charitable distribution

Can I do a Qualified Charitable Distribution from my IRA?

Charitable contributions are a common financial goal.  One of the easiest and most tax efficient ways to do this is to do a Qualified Charitable Distribution (QCD) from your IRA.  In order to do this, you must meet specific requirements which include age, dollar amount, and the type of charities you can contribute to.  Read below to see if you qualify for making a Qualified Charitable Distribution from your IRA.

Do you have a traditional IRA, inherited IRA, inherited Roth IRA, SEP IRA, or SIMPLE IRA that is subject to an RMD?

If you do not have a required RMD, you will not be eligible for a QCD.  If you do have to take an RMD from any of the IRA types listed above, move on.

Are you at least 70.5 at the time you plan to make the Qualified Charitable Distribution?

Those under 70.5 will not be eligible to make a QCD.  This means even if you have an inherited IRA subject to RMDs, the QCD may not be available to you.  If you are over age 70.5, move on.

Is the IRA actively receiving any employer contributions (SEP IRA or SIMPLE IRA)?

If you answered “yes”, you unfortunately will not be eligible for the QCD.  If you are not still receiving employer contributions, move on.

Is the recipient a private foundation or donor-advised fund?

Qualified Charitable Distributions can not be done through a private foundation or donor-advised fund.  If your intended charity is not private or donor-advised, then you will be able to make a QCD.  The amount of the QCD cannot be greater than $100,000 per year ($200,000 for married couples).

Qualified Charitable Distributions have to be done correctly, else they can have large tax consequences.  Check out this flowchart to learn more.

If you have questions regarding Qualified Charitable Distributions or other general retirement planning advice, please give us a call at 303-440-2906 or click here to schedule a time to speak with us.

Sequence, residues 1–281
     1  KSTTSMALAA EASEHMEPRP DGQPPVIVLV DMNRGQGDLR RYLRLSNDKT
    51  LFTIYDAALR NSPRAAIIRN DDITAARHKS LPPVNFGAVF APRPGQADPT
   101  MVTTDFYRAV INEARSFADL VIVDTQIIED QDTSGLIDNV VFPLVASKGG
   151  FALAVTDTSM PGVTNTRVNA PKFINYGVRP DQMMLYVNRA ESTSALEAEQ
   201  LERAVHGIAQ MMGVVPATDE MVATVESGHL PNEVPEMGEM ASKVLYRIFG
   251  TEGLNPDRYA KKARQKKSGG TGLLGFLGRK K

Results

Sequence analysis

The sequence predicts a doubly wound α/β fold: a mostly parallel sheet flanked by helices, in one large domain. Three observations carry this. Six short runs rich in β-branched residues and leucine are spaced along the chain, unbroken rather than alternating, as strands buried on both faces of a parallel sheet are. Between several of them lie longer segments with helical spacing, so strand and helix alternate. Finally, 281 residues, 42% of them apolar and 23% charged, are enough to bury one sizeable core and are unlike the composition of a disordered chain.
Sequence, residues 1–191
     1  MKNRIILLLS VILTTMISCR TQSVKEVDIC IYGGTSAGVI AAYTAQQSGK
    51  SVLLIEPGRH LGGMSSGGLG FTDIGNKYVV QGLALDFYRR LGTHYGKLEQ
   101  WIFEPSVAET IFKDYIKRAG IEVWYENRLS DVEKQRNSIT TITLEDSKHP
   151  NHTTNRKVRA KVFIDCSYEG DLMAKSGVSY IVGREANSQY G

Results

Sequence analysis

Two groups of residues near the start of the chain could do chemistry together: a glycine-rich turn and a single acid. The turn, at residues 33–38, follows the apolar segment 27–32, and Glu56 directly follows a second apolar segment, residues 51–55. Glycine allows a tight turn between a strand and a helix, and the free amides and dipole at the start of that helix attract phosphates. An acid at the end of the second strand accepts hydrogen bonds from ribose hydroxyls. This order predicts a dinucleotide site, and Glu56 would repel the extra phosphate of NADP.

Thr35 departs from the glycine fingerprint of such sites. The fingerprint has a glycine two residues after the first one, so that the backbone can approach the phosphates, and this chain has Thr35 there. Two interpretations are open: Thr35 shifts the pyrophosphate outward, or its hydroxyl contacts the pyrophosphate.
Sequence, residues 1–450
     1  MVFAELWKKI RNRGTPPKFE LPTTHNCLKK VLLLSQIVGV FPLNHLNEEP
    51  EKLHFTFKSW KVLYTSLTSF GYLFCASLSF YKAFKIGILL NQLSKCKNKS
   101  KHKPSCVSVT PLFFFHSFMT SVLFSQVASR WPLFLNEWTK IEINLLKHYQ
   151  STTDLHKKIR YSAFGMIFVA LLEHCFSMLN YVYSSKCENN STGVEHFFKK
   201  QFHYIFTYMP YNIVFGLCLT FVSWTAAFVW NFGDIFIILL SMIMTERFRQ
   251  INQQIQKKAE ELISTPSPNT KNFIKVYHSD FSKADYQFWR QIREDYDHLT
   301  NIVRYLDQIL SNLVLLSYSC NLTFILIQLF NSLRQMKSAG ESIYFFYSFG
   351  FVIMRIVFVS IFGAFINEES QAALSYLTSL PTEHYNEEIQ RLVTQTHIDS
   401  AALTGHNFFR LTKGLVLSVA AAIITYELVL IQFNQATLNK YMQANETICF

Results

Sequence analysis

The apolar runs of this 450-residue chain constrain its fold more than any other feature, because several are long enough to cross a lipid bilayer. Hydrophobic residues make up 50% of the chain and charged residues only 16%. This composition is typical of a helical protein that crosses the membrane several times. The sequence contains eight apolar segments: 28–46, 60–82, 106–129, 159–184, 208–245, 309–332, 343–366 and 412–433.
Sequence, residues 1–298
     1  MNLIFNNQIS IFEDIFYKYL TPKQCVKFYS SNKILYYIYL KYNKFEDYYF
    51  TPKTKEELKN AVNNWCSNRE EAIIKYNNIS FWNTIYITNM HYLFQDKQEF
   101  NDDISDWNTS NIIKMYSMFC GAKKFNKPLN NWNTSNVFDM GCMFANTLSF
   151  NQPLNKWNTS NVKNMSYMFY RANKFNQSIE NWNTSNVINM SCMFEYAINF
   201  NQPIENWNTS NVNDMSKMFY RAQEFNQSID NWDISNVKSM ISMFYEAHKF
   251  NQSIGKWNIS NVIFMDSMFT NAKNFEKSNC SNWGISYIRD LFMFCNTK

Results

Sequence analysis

Robert J. Pyle, CFP®, CFA is president of Diversified Asset Management, Inc. (DAMI). DAMI is licensed as an investment adviser with the State of Colorado Division of Securities, and its investment advisory representatives are licensed by the State of Colorado. DAMI will only transact business in other states to the extent DAMI has made the requisite notice filings or obtained the necessary licensing in such state. No follow up or individualized responses to persons in other jurisdictions that involve either rendering or attempting to render personalized investment advice for compensation will be made absent compliance with applicable legal requirements, or an applicable exemption or exclusion. It does not constitute investment or tax advice. To contact Robert, call 303-440-2906 or e-mail info@diversifiedassetmanagement.com.

 

The views, opinion, information and content provided here are solely those of the respective authors, and may not represent the views or opinions of Diversified Asset Management, Inc.  The selection of any posts or articles should not be regarded as an explicit or implicit endorsement or recommendation of any such posts or articles, or services provided or referenced and statements made by the authors of such posts or articles.  Diversified Asset Management, Inc. cannot guarantee the accuracy or currency of any such third party information or content, and does not undertake to verify or update such information or content. Any such information or other content should not be construed as investment, legal, accounting or tax advice.

Identity Crisis

There is no one-size fits all strategy for gifting or transferring assets. Make sure your advisors know your unique needs and motivations

 

  • Before you can ask your advisors for help, take some time to think about what’s most important to you and your family about giving back.